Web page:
Watching Michael Haneke’s newest film is somewhat of a challenge. He is a filmmaker who has always had a very bland and bleak feel to his movies. He tries to emulate life it self in all of its grays as his narratives become sort of just the viewer watching events unfold in a slow and realistic manner. His newest film is probably his least mind-taxing film as it is a story of love in the face of death. Haneke asks the audience to feel instead of think here as we watch a couple go through love, grief, and ultimately loss. I watched Amour with the eagerness to love it but like most Haneke films it is hard to embrace, which is unfortunate because for the film to work you must embrace it and feel for its two main characters. Instead of feeling for them I was lost in the movie’s stillness. I was lost in the way that it sort of slowly let things play out instead of giving the narrative a more emotional kick. I guess simply put I just didn’t get this movie. I hate saying that because it is a movie that many people have loved but for me it felt like things were too distant for me to care about. Amour is coy instead of in your face and for me personally it is a movie that is just too hidden for me to fully grasp or be effected by. Haneke is a great filmmaker and his movies have always been ones that I have admired but here I admire it more than I love it, which in essences is betraying the very nature of the movie. Amour is a movie that is supposed to make you feel and yet it failed to make me do so. I guess sometimes we have to accept the subjectivity of the movies and realize that sometimes a movie is made for other people than yourself.
One of those throw away January films, Broken City is a mildly entertaining exercise in modern film noir. Broken City on paper sort of looks like it should have been a more edgy film but its script is a lackluster story about a mayor and his numerous plots. Starring a very good cast, Broken City at least has a few interesting actors to keep the movie from becoming stale. Russell Crow is good as always as the scheming villain and Barry Pepper is a nice touch as New York’s new golden boy. Then you have Mark Wahlberg who is enjoying his lead man status without the right lead man material. A couple more Broken City’s and Wahlberg will be back begging for his high profile supporting roles. This is a throw away movie if there ever was one but somehow, someway I was entertained for 2 hours. Broken City isn’t a good film at all but nor is it a particularly bad one. It is a movie that is perfect for the bland and not particularly interesting month of January.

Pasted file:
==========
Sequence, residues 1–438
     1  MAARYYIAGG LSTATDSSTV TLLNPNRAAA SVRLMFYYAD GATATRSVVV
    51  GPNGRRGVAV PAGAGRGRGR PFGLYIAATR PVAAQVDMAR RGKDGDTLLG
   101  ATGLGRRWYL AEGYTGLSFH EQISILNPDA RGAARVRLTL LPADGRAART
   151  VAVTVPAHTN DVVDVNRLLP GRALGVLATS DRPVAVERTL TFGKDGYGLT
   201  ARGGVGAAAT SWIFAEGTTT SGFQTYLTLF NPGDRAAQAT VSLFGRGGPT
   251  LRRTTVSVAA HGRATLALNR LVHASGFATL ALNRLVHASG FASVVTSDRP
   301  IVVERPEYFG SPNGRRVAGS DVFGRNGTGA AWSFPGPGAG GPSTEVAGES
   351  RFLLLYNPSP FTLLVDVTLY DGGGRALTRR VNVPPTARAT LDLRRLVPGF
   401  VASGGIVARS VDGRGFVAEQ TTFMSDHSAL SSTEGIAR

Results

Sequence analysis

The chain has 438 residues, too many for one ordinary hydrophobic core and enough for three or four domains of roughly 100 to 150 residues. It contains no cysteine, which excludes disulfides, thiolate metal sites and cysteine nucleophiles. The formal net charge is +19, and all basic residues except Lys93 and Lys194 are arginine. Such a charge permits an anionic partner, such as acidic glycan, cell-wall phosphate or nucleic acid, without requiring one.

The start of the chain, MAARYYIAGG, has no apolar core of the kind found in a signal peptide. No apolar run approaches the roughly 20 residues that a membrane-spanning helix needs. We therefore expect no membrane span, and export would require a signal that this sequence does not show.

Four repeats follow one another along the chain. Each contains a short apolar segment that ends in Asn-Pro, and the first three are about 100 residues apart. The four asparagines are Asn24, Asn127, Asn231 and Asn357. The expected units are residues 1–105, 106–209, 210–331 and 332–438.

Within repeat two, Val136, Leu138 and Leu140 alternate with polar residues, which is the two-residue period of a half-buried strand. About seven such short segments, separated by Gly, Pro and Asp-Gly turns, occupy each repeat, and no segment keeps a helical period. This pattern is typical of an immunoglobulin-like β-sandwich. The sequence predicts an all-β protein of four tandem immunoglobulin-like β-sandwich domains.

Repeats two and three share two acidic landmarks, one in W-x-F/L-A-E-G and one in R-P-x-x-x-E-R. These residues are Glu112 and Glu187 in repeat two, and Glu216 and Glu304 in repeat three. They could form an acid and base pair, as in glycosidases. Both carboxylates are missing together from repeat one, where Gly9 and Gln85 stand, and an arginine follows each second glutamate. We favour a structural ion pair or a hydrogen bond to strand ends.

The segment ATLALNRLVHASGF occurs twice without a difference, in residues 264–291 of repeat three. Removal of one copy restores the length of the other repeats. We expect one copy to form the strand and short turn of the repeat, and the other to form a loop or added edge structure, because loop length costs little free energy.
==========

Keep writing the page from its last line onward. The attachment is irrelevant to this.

Following in the footsteps of (500) Days of Summer, Playbook is a wonderful “indie” type rom com that is uniquely clichéd. Directed by the interesting David O Russell, Playbook is a look at a very dysfunctional set of people who live and die for their Philadelphia Eagles. Rounded out by a great cast and a smart, witty script, Playbook is one of the best feel good movies to come out in awhile. Even with its shortcomings Playbook is the perfect romantic comedy for a younger and more original generation. The thing that strikes you first about the film is how great the cast is. Each member of the ensemble is both likable and hilarious and their ringleader is the excellent Bradley Cooper. Cooper has never been better as he tip toes the line between sanity and insanity. Jennifer Lawrence is solid as well as the lead female character as she is able to shed her teenage look to play a damaged young adult convincingly well. The rest play their roles respectably well and you have to admire how Russell is able to mix in all of these interesting actors together. His direction here is great but you have to also applaud what a wonderful script Russell has written. Russell is responsible for this product as he has created and assembled all the right pieces for this sentimental piece of art.
Silver Linings Playbook isn’t the perfect alternative to the usually sloppy romantic comedy film but it is a great escape to the troubles and hopes of others. Heavy on the comedy and heavy on the heart, Playbook is just the right amount of sentiment.
It’s been about 3 years since Bigelow released her Best Picture winning film, The Hurt Locker. Bigelow earned a lot of respect for that film but her newest film will earn her a lot more. Zero Dark Thirty is a tour de force of a thriller about the hunt for the most wanted man in the world. It is a movie that begins with the phone calls of 9/11 and ends with a body bag as the film maneuvers a plot that runs on for 10 years. It is a film that chronicles the hunt for closure and it is one of the most intense and poignant films to come out in awhile. Bigelow has never been better as she directs a movie that is not afraid to show the hunt for Bin Laden in all it’s loose and fragmented morality. She is a fearless filmmaker and Zero Dark Thirty works because of that. What is most surprising though about the film is how in the middle (politically speaking) the film is. Bigelow and crew don’t pick sides and show the events unfolding without any sort of manipulation. That is impressive for a film that could of gotten caught up on it’s own political thought process.
The main theme of Zero Dark Thirty has to be the hunt for closure. Our main characters sacrifice their lives and time to bring closure to a nation. The film doesn’t cheat the audience of closure with an impressive climax (Seal Team 6) but it asks the question of whether or not closure is possible in this world. Can we ever find closure and put down our guns when hate and violence still plague this world? Bigelow impressed me with The Hurt Locker but she blew me away with Zero Dark Thirty. It is an incredible entertainment as well as a thought provoking film about the search for justice and a definitive conclusion. Where do we go next?